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New Mexico football team avoids COVID while in Las Vegas

Updated December 19, 2020 - 3:09 pm

After the New Mexico football team’s 49-39 season-ending victory over Fresno State, it was disclosed that the Lobos had gone 7,000 days between starting walk-on quarterbacks — only to do it in back-to-back games to close their pandemic-riddled season in Las Vegas.

Even more astounding: New Mexico won both of those games with greenhorns under center.

But an even more remarkable statistic was the 0-for-42 they compiled while making Sam Boyd Stadium their home away from home. That’s 42 days spent here while the pandemic kept them from practicing and playing in Albuquerque and zero positive tests for COVID-19.

The craftsmanship and efficiency of the Lake Las Vegas bubble is nothing to be sneezed at. Not even at social distance.

“I’ll tell you what, the folks at the Hilton Lake Las Vegas were wonderful in helping us maintain that bubble,” wrote New Mexico sports information director Frank Mercogliano in a text message.

Before relocating to Southern Nevada — it cost New Mexico $70,000 a week to hole up here, an expenditure that was more than offset by playing games on TV that otherwise would have been canceled — the Lobos had eight players and a coach test positive.

They were zero for 3,811 swabs — Mercogliano keeps track of everything — at Lake Las Vegas.

“We are thankful to the folks at UNLV who did everything possible to make us feel at home,” he wrote. “It was a 42-day stay that none of us will ever forget, and I think we showed the nation how it can be done.”

Around the horn

— Las Vegas author Randy Cannon, whose most recent book on local auto racing, “Caesars Palace Grand Prix,” has been delivered to publisher McFarland & Company, did a few laps with the rhyming dictionary (and “Twas the Night Before Christmas” author Clement Clarke Moore riding shotgun) to summarize the year in auto racing that he shared in an email.

‘Twas the month before Christmas in the year 2020,

and the season wraps up, with weirdness aplenty.

In March, we all looked up a new word, “pandemic.”

Soon after, motor sports were mooted systemic.

From NASCAR to Formula One, and all in between,

Not a race to be found, the race venues cleared clean.

No teams, no fans, no podium glories.

Race media reduced to dusting old stories.

But the racing returned, and the racers were tasked.

With trying to lure sponsors, while wearing a mask.

Slowly, then surely, the feeling came back,

The sounds, the cars, and the thrill of the track.

The Indy 500 marked a season restored,

While the headcount was bolstered with faces cardboard.

But champions were crowned in all series with wheels,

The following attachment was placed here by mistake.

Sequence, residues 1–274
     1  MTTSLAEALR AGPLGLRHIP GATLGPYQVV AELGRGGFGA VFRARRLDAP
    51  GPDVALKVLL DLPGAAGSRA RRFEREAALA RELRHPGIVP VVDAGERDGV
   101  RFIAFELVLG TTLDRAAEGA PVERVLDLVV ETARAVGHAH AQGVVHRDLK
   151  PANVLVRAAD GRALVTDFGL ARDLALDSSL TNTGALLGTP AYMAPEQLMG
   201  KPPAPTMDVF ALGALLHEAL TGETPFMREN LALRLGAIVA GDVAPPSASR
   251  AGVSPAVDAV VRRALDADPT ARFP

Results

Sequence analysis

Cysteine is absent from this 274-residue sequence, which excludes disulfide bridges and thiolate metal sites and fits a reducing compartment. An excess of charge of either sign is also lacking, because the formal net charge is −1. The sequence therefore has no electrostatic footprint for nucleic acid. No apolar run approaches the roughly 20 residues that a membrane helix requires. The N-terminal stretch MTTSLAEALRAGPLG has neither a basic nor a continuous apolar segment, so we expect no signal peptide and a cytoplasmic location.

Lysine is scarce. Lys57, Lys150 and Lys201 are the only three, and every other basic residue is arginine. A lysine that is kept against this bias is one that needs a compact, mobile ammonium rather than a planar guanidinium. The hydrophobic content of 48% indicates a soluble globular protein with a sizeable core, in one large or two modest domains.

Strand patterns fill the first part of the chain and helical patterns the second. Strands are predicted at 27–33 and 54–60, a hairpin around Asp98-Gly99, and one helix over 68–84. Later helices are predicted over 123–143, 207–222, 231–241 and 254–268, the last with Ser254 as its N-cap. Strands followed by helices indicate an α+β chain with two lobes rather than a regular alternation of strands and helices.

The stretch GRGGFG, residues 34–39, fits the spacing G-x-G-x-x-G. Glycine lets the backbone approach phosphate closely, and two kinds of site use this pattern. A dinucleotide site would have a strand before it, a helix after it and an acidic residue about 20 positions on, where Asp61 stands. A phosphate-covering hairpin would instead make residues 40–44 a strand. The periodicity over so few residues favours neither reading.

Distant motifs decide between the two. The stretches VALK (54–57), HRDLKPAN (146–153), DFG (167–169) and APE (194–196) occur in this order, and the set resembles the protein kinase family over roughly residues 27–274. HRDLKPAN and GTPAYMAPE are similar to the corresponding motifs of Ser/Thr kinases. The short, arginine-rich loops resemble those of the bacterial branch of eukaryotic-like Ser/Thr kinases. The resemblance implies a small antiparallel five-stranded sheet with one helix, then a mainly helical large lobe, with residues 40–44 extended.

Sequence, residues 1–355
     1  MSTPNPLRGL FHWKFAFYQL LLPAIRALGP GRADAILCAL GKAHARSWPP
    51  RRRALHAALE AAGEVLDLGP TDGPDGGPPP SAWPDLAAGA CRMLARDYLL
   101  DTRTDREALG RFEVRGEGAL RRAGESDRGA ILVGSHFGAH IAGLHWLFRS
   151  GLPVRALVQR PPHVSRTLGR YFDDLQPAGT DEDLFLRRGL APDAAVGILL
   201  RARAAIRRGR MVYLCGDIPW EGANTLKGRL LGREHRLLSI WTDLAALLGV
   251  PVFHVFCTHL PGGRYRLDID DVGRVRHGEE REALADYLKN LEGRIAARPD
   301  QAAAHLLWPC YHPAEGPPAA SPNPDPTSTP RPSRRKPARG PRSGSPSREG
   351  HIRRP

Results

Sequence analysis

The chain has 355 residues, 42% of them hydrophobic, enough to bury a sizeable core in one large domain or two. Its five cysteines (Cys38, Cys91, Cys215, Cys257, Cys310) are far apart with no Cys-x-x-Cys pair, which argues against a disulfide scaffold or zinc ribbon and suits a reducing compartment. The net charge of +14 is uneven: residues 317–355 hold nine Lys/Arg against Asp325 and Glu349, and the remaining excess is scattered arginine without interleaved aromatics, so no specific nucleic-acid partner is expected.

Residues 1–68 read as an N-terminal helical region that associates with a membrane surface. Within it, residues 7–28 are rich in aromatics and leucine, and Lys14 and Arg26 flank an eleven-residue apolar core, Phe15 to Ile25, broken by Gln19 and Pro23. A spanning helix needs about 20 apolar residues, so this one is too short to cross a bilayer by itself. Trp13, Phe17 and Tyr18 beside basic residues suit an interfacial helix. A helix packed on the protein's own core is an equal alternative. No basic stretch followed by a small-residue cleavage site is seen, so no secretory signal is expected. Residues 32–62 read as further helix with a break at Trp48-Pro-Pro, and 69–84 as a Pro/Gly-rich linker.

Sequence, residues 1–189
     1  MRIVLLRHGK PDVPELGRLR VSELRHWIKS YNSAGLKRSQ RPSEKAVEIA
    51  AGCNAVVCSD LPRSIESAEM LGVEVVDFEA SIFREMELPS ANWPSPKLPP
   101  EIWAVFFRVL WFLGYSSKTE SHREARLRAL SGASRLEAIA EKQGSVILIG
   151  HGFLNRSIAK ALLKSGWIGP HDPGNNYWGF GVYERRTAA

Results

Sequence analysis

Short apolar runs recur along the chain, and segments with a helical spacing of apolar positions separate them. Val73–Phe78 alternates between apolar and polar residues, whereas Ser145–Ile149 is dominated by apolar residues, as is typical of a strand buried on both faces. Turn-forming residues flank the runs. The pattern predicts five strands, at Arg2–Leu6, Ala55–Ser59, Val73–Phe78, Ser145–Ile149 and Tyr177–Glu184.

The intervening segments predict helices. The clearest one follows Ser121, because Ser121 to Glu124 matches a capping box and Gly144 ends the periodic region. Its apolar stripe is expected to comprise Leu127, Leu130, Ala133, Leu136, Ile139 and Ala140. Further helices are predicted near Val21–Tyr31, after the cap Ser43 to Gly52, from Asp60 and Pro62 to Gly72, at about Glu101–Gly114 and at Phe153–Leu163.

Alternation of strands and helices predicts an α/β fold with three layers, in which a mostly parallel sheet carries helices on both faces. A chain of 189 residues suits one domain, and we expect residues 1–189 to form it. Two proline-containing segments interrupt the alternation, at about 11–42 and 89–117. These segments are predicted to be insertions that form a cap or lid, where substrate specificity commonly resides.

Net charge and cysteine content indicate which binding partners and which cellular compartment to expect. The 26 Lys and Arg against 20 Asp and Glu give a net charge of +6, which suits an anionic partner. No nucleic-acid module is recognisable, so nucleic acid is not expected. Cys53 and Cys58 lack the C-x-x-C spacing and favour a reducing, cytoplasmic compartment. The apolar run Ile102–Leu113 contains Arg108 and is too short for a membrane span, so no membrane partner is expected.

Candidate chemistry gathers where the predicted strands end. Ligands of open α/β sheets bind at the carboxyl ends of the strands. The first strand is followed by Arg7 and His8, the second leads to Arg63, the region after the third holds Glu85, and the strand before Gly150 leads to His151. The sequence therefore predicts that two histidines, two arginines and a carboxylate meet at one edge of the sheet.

Then silly season, contracts, and some really weird deals.

Elliott, Dixon, and soon Hamilton anointed,

And Sergio Perez made his Racing Point more pointed.

So the season concludes and the racing is done,

And we can’t effing wait for 2021.

To the press, the drivers, and the great racing teams,

I wish all the best, and victorious dreams.

— Shane Steichen, who drew up plays for the Los Angeles Chargers during Thursday’s overtime victory over the Raiders as their offensive coordinator, once played quarterback for UNLV with his injured wrist encased in an elaborate brace that was compared to a jai alai cesta — a description that for some reason resonated with then-Rebels coach Mike Sanford.

A cesta is the wicker basket that jai alai players use to hurl the pelota, or ball, against the front wall of the fronton — the Spanish word for the jai alai court — at Henry Ruggs speed.

It turned out Sanford probably knew more about jai alai, an ancient sport that originated in the Basque region of Spain and was once wagered on at the old MGM Grand in Las Vegas, than he did coaching football. But give him credit for guiding the Rebels to 5-7 finishes in 2008 and 2009 — and for making a young beat writer’s day by acknowledging his esoteric reference to a nearly forgotten game.

— Fox sports talk personality Colin Cowherd has been teasing social media followers about returning to Las Vegas, where he once broadcast games for the Triple-A Las Vegas Stars and was sports director at KSNV Channel 3.

The move could be tied to Barstool Sports, a digital media company partly owned by Penn National Gaming in which Cowherd holds stock.


A paid obituary in Newsday, after the Raiders defeated the winless New York Jets on a Hail Mary pass from Derek Carr to Henry Ruggs:

MAZUR — Edward Michael, beloved husband, grandfather, uncle and friend, drew his last breath on December 9, 2020 mainly, we suspect, to avoid having to watch another Jets game …”

Contact Ron Kantowski at rkantowski@reviewjournal.com or 702-383-0352. Follow @ronkantowski on Twitter.

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